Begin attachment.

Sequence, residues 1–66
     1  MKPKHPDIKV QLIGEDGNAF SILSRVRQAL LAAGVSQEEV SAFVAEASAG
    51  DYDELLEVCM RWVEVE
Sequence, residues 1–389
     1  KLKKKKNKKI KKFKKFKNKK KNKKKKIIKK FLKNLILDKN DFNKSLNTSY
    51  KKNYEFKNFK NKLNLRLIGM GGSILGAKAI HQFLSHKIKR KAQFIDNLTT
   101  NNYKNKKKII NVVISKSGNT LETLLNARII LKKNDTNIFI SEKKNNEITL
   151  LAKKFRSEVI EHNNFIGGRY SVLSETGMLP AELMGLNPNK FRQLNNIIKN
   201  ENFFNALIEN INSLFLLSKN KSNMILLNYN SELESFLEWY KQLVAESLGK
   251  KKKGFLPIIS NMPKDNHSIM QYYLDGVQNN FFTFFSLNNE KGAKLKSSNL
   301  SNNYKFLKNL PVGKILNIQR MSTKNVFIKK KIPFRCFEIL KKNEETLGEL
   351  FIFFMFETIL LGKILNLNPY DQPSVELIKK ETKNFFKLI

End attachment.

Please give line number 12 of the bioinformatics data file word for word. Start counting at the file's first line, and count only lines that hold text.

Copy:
   351  FIFFMFETIL LGKILNLNPY DQPSVELIKK ETKNFFKLI